A settlement was announced yesterday in the much publicized court case between Woody Allen and American Apparel. It was decided that American Apparel will pay the amount of $5 million to the director/actor after he sued the clothing company for the offensive and unauthorized billboard advertisements that were erected in 2007 depicting Allen as a Hasidic Jew from a scene in the movie Annie Hall.
The settlement comes following a very messy trial where Allen's notorious personal life was scrutinized and in which American Apparel's chief Dov Charney left no stone unturned in attempting to produce evidence that would lower the $10 million that Allen was originally asking for in the suit. Though Charney
succeeded to some end, he is still responsible for the $5 million as well as a now permanently scarred reputation. In an attempt to sanctify himself now that the trial is over, he published a 1,200 word article on American Apparel's website, actually trying to justify why he created the controversial billboard campaign in the first place. Under the pretense of the First Amendment, Charney claims that he did not intend for the billboards of Allen in Hasidic Jew garb to inspire people to shop at American Apparel, rather he wanted the displays to "inspire dialogue" about what was happening to him publicly at the time-which just happened to be a sexual harassment charge that was filed against him for conducting a job interview almost nude.
In his article he describes his feelings during the harassment investigation, saying "Some writers characterized me as a rapist and an abuser of women, others asserted that I was a bad jew….There are no words to express the frustration caused by these gross misperceptions." He then goes on to compare how he used the negative press from the sexual harassment charge as a vehicle to creating the billboard campaign and that he intended it to be, out of all things, a joke. He says," This billboard was an attempt to at least make a joke about (those misperceptions)". Ok let's see-so it's the general public's fault that we don't just see an unusual image of a character from a well-known movie with the Hebrew words "The highest level and extra-holy Rabbi" and immediately understand it to be a metaphor for someone's feelings on being charged as a pervert? Hm. Well, if Dov Charney claims he didn't care if people went to his stores after seeing the ad campaigns, surely he won't mind now when his smeared reputation may be cause enough for people to buy their leggings elsewhere. Guess the joke is on him.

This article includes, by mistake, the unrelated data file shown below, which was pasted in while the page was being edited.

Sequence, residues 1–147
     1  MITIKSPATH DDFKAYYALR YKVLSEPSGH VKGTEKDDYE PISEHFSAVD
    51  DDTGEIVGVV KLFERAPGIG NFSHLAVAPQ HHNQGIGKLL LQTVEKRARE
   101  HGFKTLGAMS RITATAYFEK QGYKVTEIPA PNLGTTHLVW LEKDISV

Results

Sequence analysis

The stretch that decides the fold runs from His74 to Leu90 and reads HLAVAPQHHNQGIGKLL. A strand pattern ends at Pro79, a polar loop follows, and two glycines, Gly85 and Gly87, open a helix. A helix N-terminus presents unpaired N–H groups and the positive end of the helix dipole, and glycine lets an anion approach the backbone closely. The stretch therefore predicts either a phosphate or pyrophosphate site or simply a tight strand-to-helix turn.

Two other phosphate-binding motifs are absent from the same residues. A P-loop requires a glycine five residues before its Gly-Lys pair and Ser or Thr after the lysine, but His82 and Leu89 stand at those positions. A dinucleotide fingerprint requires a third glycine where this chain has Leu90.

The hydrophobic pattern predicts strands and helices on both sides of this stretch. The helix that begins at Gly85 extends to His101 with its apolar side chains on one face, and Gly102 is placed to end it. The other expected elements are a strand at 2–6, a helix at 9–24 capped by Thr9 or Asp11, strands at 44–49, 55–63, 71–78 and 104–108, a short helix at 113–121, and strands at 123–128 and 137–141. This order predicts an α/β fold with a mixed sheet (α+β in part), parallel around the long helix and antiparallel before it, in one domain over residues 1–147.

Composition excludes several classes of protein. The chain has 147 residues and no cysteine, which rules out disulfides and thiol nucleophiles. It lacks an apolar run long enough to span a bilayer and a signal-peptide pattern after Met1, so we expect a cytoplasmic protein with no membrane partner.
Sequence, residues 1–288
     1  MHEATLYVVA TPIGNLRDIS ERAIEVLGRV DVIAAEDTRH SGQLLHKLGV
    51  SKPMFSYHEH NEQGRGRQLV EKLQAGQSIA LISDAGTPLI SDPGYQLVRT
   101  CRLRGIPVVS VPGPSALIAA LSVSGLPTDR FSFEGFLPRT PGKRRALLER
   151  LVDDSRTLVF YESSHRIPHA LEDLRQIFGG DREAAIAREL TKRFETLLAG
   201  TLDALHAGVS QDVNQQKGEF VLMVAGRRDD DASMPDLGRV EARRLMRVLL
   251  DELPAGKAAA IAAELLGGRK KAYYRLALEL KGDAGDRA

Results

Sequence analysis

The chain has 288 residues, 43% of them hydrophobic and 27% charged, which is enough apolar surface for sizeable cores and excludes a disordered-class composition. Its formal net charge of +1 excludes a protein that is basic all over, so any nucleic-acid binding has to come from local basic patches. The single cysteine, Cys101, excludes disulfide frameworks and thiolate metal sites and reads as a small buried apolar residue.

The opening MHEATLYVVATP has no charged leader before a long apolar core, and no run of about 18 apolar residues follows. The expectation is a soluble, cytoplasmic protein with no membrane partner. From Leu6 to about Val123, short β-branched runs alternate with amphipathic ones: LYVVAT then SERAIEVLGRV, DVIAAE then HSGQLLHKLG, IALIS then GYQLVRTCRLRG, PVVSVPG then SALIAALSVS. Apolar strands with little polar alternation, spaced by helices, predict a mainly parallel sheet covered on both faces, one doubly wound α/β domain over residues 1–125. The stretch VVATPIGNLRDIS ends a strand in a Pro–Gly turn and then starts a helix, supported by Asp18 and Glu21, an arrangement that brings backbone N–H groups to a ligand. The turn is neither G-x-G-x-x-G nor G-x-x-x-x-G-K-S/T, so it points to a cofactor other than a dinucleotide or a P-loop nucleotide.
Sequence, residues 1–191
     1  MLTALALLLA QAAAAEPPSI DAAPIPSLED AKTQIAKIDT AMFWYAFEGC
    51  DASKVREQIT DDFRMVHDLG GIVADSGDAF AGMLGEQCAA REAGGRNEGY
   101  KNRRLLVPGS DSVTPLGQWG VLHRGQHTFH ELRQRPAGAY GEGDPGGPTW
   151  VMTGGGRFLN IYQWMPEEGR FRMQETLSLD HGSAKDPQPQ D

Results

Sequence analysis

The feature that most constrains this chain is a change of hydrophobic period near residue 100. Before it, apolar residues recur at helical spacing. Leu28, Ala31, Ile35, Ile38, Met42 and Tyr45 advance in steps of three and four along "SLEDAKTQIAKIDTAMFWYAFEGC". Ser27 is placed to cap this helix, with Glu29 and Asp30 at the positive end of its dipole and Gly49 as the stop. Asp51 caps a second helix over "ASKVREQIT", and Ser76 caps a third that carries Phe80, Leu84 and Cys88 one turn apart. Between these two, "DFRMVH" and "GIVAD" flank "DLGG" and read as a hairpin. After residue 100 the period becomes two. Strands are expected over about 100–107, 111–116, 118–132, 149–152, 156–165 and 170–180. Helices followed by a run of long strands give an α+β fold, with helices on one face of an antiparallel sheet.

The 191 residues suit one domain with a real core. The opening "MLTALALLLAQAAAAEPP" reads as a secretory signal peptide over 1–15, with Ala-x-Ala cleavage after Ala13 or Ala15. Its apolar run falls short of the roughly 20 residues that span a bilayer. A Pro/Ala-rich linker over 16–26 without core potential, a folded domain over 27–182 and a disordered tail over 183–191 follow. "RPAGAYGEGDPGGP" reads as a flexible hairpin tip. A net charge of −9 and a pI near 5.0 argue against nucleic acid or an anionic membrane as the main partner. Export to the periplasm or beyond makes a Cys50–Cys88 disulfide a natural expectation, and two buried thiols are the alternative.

Article Source: NYMag
Photo: Getty Images
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